If the value of your taxable supplies is over a specific limit as above, you need to register for VAT, unless your supplies are wholly or mainly zero rated in which case you may apply for exemption from registration. You may be charged a penalty if you register late.

There are certain circumstances when you might want to voluntary register for vat.

What happens after I've registered?

You need to charge VAT on all your taxable supplies from your date of registration and keep:

  • a record of all standard-rated goods and services you supply or receive as part of your business
  • a separate record of any exempt supplies you make and
  • a VAT account

At preset intervals (typically quarterly) you need to fill in a VAT return with details of your sales and purchases. If the VAT on your sales is more than the VAT on your purchases you pay us the difference. On the other hand, if the VAT on your purchases is more than the VAT on your sales you can claim the difference from us.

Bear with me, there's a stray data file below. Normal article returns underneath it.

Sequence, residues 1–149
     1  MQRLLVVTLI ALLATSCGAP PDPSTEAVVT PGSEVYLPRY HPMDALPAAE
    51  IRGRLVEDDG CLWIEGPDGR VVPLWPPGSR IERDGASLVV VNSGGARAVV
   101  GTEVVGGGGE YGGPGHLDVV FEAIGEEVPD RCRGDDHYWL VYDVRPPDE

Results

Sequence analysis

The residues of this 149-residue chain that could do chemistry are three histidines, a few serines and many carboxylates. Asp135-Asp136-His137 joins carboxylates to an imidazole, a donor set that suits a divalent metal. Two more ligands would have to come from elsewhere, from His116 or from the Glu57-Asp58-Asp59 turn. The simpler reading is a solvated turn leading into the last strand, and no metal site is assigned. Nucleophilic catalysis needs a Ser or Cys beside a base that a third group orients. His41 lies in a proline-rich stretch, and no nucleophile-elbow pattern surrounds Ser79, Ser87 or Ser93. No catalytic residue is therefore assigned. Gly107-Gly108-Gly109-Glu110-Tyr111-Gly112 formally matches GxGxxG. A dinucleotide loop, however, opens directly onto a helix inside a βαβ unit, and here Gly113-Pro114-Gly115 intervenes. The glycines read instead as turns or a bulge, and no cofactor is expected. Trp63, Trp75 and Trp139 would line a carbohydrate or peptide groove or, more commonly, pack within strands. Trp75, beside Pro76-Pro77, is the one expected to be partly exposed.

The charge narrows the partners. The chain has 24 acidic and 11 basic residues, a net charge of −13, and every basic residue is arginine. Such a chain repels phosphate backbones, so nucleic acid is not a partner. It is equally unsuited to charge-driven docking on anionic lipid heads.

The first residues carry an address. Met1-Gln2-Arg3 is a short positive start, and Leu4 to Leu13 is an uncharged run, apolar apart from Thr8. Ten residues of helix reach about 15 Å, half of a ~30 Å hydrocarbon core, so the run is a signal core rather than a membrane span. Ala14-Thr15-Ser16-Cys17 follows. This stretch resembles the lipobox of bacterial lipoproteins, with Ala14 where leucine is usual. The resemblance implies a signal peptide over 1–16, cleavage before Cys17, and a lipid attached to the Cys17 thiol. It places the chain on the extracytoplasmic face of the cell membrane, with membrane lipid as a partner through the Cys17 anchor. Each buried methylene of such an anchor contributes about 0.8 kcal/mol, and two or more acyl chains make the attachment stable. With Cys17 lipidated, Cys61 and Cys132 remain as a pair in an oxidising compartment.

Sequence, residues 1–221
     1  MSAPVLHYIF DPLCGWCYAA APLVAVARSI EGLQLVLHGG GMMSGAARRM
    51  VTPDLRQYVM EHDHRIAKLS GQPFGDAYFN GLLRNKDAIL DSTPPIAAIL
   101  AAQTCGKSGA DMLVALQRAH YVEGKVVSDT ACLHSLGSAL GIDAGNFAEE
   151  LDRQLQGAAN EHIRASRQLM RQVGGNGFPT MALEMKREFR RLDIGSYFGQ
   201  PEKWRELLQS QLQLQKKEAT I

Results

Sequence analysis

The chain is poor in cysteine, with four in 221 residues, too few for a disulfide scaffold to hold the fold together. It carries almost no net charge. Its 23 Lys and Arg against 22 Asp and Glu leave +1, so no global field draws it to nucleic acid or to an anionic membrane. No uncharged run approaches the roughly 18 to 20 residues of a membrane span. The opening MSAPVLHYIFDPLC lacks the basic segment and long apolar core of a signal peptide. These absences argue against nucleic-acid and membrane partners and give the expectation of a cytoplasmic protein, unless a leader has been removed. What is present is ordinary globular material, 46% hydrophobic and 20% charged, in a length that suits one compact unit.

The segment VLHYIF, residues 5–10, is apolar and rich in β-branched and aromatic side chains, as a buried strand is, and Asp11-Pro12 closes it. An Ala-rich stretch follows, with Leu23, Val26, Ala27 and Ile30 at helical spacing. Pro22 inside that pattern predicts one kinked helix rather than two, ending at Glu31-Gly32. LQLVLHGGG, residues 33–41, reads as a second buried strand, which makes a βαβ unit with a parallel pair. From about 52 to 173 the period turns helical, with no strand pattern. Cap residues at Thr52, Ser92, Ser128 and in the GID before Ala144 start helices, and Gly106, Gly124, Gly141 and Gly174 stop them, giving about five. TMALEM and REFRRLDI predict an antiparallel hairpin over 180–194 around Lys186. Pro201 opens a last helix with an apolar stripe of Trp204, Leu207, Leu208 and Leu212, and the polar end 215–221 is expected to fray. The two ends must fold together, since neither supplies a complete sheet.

The flat rate scheme for small businesses simplifies VAT accounting procedures to save you time and money.

Further Help and Information

The HM Revenue & Customs website www.hmrc.gov.uk provides a wealth of information about vat, the rules, exemptions, processes, forms etc which will help you find your way around this area. Remember though that unless your taxable supplies exceed the current threshold you dont need to register.

If you are in any doubt or would like further help you can ring the Customs and Excise National Advice Service on 0845 010 9000, they are very helpful.

Please remember that the NRPT cannot offer formal advice on these areas, we can only point you in the right direction, but if you have any questions or would like to speak to someone about vat issues or any other financial aspect of your business then please contact your usual financial advisor.